Vitamin E Supplements
Naturally occurring vitamin E exists in eight chemical forms (alpha-, beta-, gamma-, and delta-tocopherol and alpha-, beta-, gamma-, and delta-tocotrienol) that have varying levels of biological activity.
Vitamin E is a fat-soluble antioxidant that stops the production of ROS formed when fat undergoes oxidation. Scientists are investigating whether, by limiting free-radical production and possibly through other mechanisms, vitamin E might help prevent or delay the chronic diseases associated with free radicals.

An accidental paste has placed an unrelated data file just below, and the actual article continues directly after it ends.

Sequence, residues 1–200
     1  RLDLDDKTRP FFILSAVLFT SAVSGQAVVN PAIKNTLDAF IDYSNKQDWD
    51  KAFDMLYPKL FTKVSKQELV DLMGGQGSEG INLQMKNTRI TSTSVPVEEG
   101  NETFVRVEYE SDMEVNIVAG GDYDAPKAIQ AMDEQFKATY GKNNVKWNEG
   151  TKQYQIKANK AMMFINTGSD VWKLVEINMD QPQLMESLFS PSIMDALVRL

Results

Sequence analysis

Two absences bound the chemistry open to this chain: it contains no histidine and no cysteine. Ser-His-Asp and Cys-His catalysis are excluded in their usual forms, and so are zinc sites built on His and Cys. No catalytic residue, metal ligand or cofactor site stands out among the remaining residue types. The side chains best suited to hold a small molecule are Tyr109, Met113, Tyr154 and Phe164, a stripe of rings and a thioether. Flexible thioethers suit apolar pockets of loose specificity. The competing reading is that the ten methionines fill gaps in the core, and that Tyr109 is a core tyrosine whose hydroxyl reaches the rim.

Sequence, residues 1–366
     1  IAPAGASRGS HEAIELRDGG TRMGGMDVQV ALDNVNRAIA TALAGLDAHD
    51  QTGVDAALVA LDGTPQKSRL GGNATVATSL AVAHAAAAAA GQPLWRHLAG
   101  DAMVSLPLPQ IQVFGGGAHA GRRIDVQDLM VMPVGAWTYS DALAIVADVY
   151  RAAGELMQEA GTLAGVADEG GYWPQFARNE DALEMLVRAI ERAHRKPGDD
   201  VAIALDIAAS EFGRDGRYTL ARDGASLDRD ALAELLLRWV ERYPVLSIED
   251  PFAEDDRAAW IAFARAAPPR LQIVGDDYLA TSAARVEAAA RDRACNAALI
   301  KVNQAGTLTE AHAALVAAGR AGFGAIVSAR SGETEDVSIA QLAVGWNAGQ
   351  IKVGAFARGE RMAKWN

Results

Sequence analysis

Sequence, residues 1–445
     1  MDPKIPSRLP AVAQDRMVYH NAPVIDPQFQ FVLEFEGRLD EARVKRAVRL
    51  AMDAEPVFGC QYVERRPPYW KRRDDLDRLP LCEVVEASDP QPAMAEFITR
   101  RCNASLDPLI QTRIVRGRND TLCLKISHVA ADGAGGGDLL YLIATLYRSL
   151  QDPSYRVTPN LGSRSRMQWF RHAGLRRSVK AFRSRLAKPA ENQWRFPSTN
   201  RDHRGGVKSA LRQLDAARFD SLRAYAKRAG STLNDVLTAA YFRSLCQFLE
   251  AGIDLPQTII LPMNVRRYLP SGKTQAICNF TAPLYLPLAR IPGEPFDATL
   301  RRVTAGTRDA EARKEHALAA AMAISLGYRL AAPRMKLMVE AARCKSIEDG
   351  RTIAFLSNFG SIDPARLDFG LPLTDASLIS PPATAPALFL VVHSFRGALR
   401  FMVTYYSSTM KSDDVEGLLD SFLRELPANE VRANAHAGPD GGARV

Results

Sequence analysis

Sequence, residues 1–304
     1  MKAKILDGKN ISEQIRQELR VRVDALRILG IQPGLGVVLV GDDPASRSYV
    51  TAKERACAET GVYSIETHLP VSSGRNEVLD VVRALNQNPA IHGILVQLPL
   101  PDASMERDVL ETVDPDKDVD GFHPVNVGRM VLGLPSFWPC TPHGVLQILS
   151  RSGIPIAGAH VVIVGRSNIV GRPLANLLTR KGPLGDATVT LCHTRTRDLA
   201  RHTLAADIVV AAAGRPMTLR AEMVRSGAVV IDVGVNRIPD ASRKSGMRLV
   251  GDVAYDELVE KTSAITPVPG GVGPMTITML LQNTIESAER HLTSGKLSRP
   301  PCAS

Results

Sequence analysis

In addition to its activities as an antioxidant, vitamin E is involved in immune function and, as shown primarily by in vitro studies of cells, cell signaling, regulation of gene expression, and other metabolic processes. Alpha-tocopherol inhibits the activity of protein kinase C, an enzyme involved in cell proliferation and differentiation in smooth muscle cells, platelets, and monocytes . Vitamin-E–replete endothelial cells lining the interior surface of blood vessels are better able to resist blood-cell components adhering to this surface. Vitamin E also increases the expression of two enzymes that suppress arachidonic acid metabolism, thereby increasing the release of prostacyclin from the endothelium, which, in turn, dilates blood vessels and inhibits platelet aggregation ].